Friday, October 31, 2014
FAIRFIELD-SUISUN, CALIFORNIA
99 CENTS

Borden case featured skull, medical testimony

By
From page A1 | July 04, 2013 |

Editor’s note: This is the fourth of six parts of “Lizzie Borden: Enduring Mystery,” which draws on a number of sources, including some material kept by one of Borden’s attorneys, Andrew Jennings. This marks the 120th anniversary of the homicide.

During the second week of the Lizzie Borden murder trial, in June 1893, surgeon William A. Dolan presented a grisly item to the jurors – a plaster cast of the battered skull of Andrew Borden, Lizzie’s father.

The plaster skull had gaping holes representing those made by the killer’s weapon, a hatchet. For days, prosecutors had carefully built a case against the Sunday school teacher. Lizzie, they said, murdered her father and her stepmother, Abby, on Aug. 4, 1892.

The jurors gazed at the replica of the skull. Spectators in New Bedford Superior Court “craned their necks . . . to view ‘the grinning object,’ ” The Providence Journal reported.

But not Lizzie.

With the permission of the court, she was allowed to leave the room before Dolan, holding the plaster skull, testified that the killer struck Andrew Borden in the head 10 times.

The hatchet blows crushed his skull. One strike split his left eye in half and cut through his cheek bone, leaving a 4½-inch wound.

Lizzie listened to the testimony from a side room.

With all she “has endured, it was an act of mercy to allow her retirement from the courtroom while this ghastly relic of her parent was handed about, while experts were fitting hatchet blades into its parts,” The Journal said.

Dolan testified on two days – June 12 and 13. Other medical experts took the stand after him.

Unlike earlier witnesses – including the police who sought to pin the murders on Lizzie – the medical experts presented evidence based “purely on scientific knowledge,” The Providence Journal reported. Dolan, a Fall River, Mass., doctor and medical examiner for Bristol County, explained to jurors how and when the Bordens died. He said he looked at the bodies of Andrew and Abby Borden several times on the day of the murders.

Andrew lay on a sofa in the sitting room near the front door. According to Dolan, his wounds were still fresh. His hand was warm, and his blood, still oozing from the wounds in his head, was bright red, Dolan said. Blood dripped onto the carpet.

The murdered man – wearing a woolen jacket, black vest, black trousers and a pair of Congress shoes – had a gold ring on his left hand, a pocket watch in his vest and a pocketbook holding $81.65 in bills and change.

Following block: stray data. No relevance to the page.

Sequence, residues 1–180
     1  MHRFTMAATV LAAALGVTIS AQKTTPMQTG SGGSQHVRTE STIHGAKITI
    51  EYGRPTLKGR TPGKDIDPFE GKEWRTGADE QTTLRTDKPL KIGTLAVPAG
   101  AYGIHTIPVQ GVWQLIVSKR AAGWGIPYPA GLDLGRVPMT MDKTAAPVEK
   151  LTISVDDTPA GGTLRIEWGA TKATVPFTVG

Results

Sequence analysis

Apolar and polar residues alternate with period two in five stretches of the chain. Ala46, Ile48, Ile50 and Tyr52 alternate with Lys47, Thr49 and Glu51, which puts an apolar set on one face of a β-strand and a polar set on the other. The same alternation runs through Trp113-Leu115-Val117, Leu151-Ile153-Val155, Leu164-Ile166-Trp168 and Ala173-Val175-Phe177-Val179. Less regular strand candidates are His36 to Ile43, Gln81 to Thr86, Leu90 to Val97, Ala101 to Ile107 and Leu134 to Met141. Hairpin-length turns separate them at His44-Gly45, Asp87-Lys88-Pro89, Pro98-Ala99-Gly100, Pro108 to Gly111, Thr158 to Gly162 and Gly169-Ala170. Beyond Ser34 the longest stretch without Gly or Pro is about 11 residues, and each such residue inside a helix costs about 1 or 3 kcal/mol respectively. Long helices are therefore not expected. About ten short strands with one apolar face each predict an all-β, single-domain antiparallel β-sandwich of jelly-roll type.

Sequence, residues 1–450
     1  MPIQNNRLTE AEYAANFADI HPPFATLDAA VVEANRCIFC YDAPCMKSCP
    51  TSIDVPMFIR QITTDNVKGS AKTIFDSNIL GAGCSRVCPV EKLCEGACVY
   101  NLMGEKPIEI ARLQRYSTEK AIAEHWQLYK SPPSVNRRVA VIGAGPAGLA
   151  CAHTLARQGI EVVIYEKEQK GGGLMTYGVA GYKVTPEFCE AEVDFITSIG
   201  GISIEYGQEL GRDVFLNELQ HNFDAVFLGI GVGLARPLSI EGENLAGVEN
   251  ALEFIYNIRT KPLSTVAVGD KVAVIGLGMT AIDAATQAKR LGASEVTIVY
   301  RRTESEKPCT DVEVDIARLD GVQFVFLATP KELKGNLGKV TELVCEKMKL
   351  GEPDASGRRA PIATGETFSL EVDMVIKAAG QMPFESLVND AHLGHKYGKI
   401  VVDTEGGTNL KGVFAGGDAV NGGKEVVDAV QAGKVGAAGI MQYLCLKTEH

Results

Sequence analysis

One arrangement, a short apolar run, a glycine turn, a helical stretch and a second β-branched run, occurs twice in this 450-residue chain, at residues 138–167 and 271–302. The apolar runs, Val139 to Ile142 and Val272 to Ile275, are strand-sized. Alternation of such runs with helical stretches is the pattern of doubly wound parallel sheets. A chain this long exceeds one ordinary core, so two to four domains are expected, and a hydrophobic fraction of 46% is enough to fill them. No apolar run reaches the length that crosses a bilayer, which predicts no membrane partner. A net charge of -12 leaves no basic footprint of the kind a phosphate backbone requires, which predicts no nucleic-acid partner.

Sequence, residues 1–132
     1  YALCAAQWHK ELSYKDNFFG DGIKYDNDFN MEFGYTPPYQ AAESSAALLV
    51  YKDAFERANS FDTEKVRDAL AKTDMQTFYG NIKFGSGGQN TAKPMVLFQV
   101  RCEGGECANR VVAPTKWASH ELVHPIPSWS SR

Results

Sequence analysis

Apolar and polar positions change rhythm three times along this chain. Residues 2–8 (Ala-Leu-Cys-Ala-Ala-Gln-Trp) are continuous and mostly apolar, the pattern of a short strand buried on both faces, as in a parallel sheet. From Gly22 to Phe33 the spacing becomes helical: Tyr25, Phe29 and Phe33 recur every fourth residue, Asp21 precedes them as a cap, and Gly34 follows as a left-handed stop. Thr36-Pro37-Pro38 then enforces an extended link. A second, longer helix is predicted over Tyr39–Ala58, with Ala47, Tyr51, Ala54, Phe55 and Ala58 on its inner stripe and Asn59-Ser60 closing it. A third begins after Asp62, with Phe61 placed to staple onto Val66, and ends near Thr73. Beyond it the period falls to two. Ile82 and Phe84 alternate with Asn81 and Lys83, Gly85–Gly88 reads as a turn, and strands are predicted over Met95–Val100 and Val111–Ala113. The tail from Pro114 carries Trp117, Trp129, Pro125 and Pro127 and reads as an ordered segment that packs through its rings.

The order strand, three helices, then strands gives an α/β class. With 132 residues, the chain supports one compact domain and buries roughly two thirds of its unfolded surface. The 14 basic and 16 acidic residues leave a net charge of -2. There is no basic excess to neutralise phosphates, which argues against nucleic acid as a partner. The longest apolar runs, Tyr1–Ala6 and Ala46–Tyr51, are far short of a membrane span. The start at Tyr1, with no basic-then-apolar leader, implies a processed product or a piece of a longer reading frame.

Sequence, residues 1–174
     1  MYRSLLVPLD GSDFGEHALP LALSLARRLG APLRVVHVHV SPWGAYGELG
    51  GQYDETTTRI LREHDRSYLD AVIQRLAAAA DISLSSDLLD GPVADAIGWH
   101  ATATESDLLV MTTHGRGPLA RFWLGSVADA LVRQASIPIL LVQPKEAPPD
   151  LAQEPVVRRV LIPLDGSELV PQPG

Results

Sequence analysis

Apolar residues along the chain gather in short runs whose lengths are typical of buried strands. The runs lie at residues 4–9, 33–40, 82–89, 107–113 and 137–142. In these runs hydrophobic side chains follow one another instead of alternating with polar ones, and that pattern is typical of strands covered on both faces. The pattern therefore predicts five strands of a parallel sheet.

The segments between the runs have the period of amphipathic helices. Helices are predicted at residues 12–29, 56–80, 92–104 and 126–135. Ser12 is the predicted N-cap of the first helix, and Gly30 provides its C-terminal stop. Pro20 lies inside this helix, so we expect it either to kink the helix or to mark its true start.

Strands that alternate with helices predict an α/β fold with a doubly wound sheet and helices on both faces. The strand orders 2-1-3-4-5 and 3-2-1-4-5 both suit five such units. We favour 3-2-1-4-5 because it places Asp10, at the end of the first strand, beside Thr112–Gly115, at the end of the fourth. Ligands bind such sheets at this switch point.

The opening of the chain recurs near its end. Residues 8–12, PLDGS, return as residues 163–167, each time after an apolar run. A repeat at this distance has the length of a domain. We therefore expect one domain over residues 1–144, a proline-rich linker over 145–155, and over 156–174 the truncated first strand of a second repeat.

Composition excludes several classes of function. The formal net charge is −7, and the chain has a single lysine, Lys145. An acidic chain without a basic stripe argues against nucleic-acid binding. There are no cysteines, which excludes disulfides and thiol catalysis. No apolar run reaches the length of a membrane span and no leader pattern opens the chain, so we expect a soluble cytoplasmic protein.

Upstairs, in the guest room, Dolan examined Abby Borden’s body, slumped between the dresser and the bed, her back exposed. The upper part of her dress was bloody, he said. But her body was much colder than Andrew’s, and her blood was dark and had coagulated, he said.

After the victims were photographed, Dolan undressed the bodies and placed them on an undertaker’s board. He then removed their stomachs and sealed them in jars. He also took samples of the milk delivered to the Bordens’ house.

(The night before the murders, Lizzie told a friend she thought the family may have been poisoned.)

Dolan sent the milk and stomachs to Prof. Edward S. Wood at the Harvard Medical School.

Using a magnifying glass, Dolan also examined several hatchets and axes found in the cellar of the home. The possible murder weapons had been moved to the city marshal’s office. Dolan said he found two hairs on the blade and wood of one of the hatchets. There were also spots on the tools that looked like blood or rust. The evidence was delivered to Wood at Harvard.

But Dolan wasn’t finished with the bodies.

Two days after the crime, mourners attended a funeral service for the Bordens in their home and at Oak Grove Cemetery. But the Bordens weren’t buried afterward. They were moved, instead, to a nearby holding tomb.

On Aug. 11 – five days after the funeral – Dolan and several other doctors conducted a second, more thorough, autopsy on the bodies inside the Ladies Comfort Station near the cemetery entrance.

Their organs were healthy, he said. It was clear the victims died from multiple blows to their heads. The force crushed the skulls of both Bordens, he said.

Based on the contents of the organs of the victims, and the differences in their body temperatures and blood, Dolan told the jury that Abby was killed first and her husband was killed an hour or more later.

At one point, prosecutor Hosea M. Knowlton asked Dolan if he thought a woman of ordinary strength could have inflicted the wounds that killed Andrew Borden.

“Yes, sir,” Dolan said.

Dolan’s testimony helped solidify the state’s case against Lizzie.

But Wood, the Harvard professor, did not help the state’s case.